Best Olympic Peninsula Campgrounds

The only time span suitable for camping on the Olympic Peninsula is between Memorial Day and Labor Day—at least for those who want to stay somewhat dry. During this limited window, it’s important to scout out campgrounds far in advance to make sure you can secure a spot. For reservable campgrounds, book a soon as sites become available. For first-come, first-served campsites, go on weekdays if you can or, if you want to stay over a weekend, try to arrive on Thursday. And make sure to have a plan B!

green tent camping in a forest in washington
Mora Campground in Olympic National Park. Public domain photo.

The Kitsap Peninsula and Hood Canal

Staircase Campground: Just one hour north of Olympia, this campsite is surrounded by the ancient old-growth Douglas firs that dominate this side of the peninsula. It has 47 first-come, first-served sites and provides access to a variety of nearby hiking trails. (360/565-3130, $20, year-round)

Hamma Hamma Campground: This shady site is first-come, first-served and situated on the shores of the Hamma Hamma River, about 20 miles from Hoodsport. It’s near the Living Legacy Trail, an interpretive loop that’s wheelchair-friendly for the first quarter mile. (877/444-6777,, $14)

Port Angeles and the Northern Peninsula

Fort Worden State Park: Reserve one of the 80 campsites here early—you can do so up to nine months in advance—as this destination is super popular. That’s because this former military fort is conveniently located and full of activities, including tours of the remaining buildings from the original fort. (200 Battery Way, 360/344-4400,, $14-42)

Dungeness Recreation Area: Located just outside both Sequim and the Dungeness National Wildlife Refuge, this 64-site campground is located on a bluff above the Strait of Juan de Fuca and has a 1.1-mile trail along the bluff overlooking the strait. Half of the campsites can be reserved online, while the other half are first-come, first-served. (554 Voice of America W., 360/683-5847, $22-25)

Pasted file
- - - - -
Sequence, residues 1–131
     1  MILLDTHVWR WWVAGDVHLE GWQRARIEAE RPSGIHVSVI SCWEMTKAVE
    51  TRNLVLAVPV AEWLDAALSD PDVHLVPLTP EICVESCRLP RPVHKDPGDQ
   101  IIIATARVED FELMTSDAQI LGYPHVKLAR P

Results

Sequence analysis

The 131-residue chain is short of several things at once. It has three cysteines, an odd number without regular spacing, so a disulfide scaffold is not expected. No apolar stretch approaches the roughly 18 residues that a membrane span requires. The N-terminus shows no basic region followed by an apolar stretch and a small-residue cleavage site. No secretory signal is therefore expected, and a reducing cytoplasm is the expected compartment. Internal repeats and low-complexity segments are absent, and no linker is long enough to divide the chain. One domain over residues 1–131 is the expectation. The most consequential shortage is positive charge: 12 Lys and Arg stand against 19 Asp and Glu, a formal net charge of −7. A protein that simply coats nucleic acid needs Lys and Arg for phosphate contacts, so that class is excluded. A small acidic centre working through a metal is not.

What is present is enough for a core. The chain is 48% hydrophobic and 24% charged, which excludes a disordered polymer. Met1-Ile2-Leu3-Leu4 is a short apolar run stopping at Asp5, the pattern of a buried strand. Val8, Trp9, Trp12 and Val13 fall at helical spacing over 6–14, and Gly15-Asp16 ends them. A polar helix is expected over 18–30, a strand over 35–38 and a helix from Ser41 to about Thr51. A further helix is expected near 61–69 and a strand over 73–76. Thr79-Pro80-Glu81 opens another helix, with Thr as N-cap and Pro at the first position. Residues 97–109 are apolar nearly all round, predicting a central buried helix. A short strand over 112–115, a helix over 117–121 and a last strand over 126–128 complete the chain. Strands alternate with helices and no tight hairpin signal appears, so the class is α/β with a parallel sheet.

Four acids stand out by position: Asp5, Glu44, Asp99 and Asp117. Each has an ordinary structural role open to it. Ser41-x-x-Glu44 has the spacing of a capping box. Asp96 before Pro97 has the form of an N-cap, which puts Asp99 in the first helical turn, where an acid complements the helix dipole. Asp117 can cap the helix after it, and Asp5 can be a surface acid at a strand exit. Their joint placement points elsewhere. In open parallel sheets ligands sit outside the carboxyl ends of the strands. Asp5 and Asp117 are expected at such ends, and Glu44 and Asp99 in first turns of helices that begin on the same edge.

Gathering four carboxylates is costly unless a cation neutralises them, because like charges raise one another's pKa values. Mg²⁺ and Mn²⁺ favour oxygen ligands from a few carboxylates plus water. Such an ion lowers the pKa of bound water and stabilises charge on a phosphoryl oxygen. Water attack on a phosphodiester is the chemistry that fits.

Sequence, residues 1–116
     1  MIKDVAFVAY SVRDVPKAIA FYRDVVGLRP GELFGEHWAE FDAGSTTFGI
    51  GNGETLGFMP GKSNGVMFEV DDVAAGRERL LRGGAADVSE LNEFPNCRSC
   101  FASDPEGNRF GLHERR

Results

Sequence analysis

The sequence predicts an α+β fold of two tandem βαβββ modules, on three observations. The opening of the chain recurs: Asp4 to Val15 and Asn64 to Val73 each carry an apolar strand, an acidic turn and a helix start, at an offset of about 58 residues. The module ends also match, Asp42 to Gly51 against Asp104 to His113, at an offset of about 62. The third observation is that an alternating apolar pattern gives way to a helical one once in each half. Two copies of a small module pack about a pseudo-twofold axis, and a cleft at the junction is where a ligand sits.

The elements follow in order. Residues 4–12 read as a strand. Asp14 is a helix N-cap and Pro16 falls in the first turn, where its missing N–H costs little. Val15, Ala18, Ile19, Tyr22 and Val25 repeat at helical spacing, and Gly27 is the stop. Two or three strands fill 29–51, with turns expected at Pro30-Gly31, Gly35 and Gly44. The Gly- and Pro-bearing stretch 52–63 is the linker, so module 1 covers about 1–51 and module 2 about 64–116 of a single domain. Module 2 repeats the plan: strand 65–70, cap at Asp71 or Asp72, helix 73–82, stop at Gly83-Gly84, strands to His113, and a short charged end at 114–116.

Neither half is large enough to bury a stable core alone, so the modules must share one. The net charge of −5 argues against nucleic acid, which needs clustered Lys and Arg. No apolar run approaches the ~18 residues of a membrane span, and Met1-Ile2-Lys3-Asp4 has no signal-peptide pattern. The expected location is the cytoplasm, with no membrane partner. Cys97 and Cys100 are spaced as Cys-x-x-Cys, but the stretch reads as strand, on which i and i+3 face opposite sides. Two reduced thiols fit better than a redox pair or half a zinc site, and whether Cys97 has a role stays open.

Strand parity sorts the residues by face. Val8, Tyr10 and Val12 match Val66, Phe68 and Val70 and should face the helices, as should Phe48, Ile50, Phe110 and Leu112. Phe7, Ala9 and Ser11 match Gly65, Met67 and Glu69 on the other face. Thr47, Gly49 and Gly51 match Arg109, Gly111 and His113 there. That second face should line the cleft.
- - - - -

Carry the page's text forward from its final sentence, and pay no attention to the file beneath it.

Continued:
Comfort station in Hoh Rain Forest, Olympic National Park, Washington. © NPS.

Hoh Rain Forest and the Coast

Mora Campground: Close to the Quileute Indian Reservation at La Push, Mora Campground is first-come, first-served and just two miles from Rialto Beach on the Pacific Ocean. It has running water all year long and is a perfect home base for exploring this part of the peninsula. (14 miles west of Forks, 360/565-3130,, open year-round, $12-25)

Hoh Rain Forest Campground: With 88 first-come, first-served campsites situated in the middle of old-growth forest and alongside the Hoh River, this campground might best epitomize the Olympic Peninsula. From here you have access to several trails that lead around the river and through the forest. (360/374-6925,, $20)

Twin Harbors State Park: Once a military training ground, this 172-acre beachfront location near Westport now is home to more than 260 campsites of all varieties with access to trails, bird-watching, and other activities. Sites are reservable online up to nine months in advance. (3120 Hwy. 105, $12 primitive tent site, $33-45 premium hookups)

Jeff Burlingame

About the Author

Jeff Burlingame is the author of 30 nonfiction books. He has won several high-profile awards for his work, including a prestigious NAACP Image Award and a national Sigma Delta Chi Award from the Society of Professional Journalists.

Prior to becoming a full-time author, Jeff spent a decade working as a reporter and editor for his hometown newspaper in the Olympic Peninsula town of Aberdeen, where he won nearly a dozen awards for his writing and cofounded the nonprofit Kurt Cobain Memorial Foundation.

Jeff lives with his family in Tacoma, Washington and is currently working on his first novel.

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